Uncovering the Truth

For me, the heart of the story is family & ideals. We see how the ideals of an individual group affect so many. Despite countless crimes, attacks & so many secrets, the cause of the Price sisters (& their brethren) is not successful to date.

With horrible crimes, victims can often be forgotten. We know all too well that it’s not just victims who suffer, but also their families. Readers come to know how the kidnapping of Jean changed the life of all her children in different ways. I appreciate how much time Keefe spent discussing the children of Jean McConville.

During his research, Keefe possibly solves a huge part of the Jean McConville disappearance. This is where his journalism skills shine the best. Through years of research, he’s pieced together so much. So, when looking at a particular statement, something clicks. It’s pretty amazing & you can read more about it here.

THE VERDICT

I am Really Into This book! Patrick Radden Keefe writes a historical true-crime masterpiece with Say Anything. As I’m writing this review & discussing the story with my Dad, I realize how much I learned reading this book. Say Anything is timely, enthralling & informative.

If you’re Really Into true crime, be sure to check out my reviews of I’ll be Gone in The DarkSons of Cain, The Stranger Beside Me & Goat Castle

Special thanks to Patrick Radden KeefeDoubleday & NetGalley for providing my copy in exchange for an honest & fair review.

Let’s connect with books!  We have all of our reviews on Goodreads!

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ABOUT THE AUTHOR: PATRICK RADDEN KEEFE

Say Nothing by Patrick Radden Keefe Book Review Author Bio Photo by Philip Montgomery
Patrick Radden Keefe | Photo by Philip Montgomery

Patrick Radden Keefe is an award-winning staff writer at The New Yorker magazine and the author of Say Nothing: A True Story of Murder and Memory in Northern IrelandThe Snakehead: An Epic Tale of the Chinatown Underworld and the American Dream; and Chatter: Dispatches from the Secret World of Global Eavesdropping. He started contributing to The New Yorker in 2006 and has written articles about the chef and TV host Anthony Bourdain, the hunt for the drug lord Chapo Guzman, the tragic personal history of the mass shooter Amy Bishop, and the role that the Sackler family and their company Purdue Pharma played in sparking the opioid crisis. He received the National Magazine Award for Feature Writing in 2014, and was a finalist for the National Magazine Award for Reporting in 2015 and 2016.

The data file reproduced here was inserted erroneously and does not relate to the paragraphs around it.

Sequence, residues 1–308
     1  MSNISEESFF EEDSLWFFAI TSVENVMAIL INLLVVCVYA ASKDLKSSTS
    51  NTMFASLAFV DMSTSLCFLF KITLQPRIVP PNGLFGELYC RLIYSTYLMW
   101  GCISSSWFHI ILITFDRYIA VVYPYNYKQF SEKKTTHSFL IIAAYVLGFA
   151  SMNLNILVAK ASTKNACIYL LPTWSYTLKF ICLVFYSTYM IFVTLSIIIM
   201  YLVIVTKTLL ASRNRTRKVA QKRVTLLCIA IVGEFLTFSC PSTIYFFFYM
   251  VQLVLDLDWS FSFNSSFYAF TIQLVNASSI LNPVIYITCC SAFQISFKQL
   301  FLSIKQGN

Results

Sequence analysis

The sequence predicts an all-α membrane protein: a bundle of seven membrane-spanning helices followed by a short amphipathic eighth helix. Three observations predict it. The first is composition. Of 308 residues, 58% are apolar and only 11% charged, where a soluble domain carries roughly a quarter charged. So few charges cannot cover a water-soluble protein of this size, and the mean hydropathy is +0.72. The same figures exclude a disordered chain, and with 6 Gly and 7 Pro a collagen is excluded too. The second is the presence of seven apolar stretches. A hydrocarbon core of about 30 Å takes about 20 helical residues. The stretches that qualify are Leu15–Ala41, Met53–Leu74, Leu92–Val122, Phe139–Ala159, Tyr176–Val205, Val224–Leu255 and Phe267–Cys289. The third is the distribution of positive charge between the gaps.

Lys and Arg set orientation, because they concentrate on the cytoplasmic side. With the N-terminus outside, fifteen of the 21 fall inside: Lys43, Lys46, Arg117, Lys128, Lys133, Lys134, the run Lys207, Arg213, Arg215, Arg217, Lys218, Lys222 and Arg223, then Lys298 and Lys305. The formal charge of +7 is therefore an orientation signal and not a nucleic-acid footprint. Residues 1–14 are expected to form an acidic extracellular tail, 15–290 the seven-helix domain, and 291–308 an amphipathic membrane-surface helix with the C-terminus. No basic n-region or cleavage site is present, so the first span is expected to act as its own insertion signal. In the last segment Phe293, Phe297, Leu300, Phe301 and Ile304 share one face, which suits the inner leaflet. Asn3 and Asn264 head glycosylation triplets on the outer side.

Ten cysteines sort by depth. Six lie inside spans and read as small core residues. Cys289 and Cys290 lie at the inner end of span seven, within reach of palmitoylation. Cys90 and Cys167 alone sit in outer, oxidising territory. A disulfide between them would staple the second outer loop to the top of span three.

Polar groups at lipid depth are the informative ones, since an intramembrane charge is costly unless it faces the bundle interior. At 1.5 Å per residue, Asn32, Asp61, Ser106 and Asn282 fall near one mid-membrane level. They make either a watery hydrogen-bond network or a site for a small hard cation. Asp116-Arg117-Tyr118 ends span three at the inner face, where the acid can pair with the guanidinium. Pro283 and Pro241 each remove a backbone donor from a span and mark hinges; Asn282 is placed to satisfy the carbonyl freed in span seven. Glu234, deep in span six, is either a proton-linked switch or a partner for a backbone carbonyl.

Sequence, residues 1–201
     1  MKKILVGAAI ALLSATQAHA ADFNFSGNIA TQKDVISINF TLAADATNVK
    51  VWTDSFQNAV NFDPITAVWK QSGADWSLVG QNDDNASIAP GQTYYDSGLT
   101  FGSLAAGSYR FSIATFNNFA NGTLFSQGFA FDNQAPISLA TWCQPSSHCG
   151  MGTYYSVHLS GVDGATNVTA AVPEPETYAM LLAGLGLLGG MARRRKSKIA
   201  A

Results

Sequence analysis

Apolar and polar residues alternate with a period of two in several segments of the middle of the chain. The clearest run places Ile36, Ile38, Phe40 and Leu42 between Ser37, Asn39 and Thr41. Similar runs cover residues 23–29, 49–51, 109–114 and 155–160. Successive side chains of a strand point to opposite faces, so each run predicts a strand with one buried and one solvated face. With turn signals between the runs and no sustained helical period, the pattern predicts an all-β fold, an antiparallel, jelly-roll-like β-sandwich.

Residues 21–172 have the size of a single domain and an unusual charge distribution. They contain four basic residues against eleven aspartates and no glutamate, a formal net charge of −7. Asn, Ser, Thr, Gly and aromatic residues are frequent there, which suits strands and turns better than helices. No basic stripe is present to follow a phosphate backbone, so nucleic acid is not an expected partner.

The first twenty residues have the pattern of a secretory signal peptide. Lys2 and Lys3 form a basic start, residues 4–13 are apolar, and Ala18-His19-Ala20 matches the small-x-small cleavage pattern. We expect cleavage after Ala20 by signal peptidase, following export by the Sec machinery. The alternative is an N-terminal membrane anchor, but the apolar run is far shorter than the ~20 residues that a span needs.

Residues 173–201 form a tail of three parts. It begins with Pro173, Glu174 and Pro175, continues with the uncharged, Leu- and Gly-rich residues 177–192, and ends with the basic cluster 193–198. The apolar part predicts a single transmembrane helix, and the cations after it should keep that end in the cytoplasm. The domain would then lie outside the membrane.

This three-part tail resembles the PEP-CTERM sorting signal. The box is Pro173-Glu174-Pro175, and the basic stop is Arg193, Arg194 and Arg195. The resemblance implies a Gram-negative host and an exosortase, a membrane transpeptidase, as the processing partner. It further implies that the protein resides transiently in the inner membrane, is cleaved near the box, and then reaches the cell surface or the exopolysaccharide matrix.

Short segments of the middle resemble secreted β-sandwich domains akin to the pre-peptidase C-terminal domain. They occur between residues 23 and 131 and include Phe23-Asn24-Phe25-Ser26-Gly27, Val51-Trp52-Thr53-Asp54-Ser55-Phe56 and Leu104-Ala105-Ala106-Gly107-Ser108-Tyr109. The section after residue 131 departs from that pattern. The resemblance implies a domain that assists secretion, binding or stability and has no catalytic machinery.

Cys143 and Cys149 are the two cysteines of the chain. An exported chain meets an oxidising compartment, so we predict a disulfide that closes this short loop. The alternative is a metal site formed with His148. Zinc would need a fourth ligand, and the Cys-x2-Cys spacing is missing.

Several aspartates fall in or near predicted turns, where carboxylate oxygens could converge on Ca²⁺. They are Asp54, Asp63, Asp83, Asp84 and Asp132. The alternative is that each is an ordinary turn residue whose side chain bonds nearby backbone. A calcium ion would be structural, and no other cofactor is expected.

Patrick grew up in Dorchester, Massachusetts and went to college at Columbia. He received masters degrees from Cambridge University and the London School of Economics, and a JD from Yale Law School. In addition to The New Yorker, his work has appeared in The New York Review of BooksThe New York Times MagazineSlate, and other publications. He is the recipient of fellowships from the Guggenheim Foundation, the Rockefeller Foundation, the New America Foundation, the Woodrow Wilson International Center for Scholars, and the Cullman Center for Scholars and Writers at the New York Public Library.

He lives in New York.

Momma, wife, baker, reader & smart ass. I am Really Into doughnuts, inside jokes, trash TV, pizza, 48 Hours & George Michael.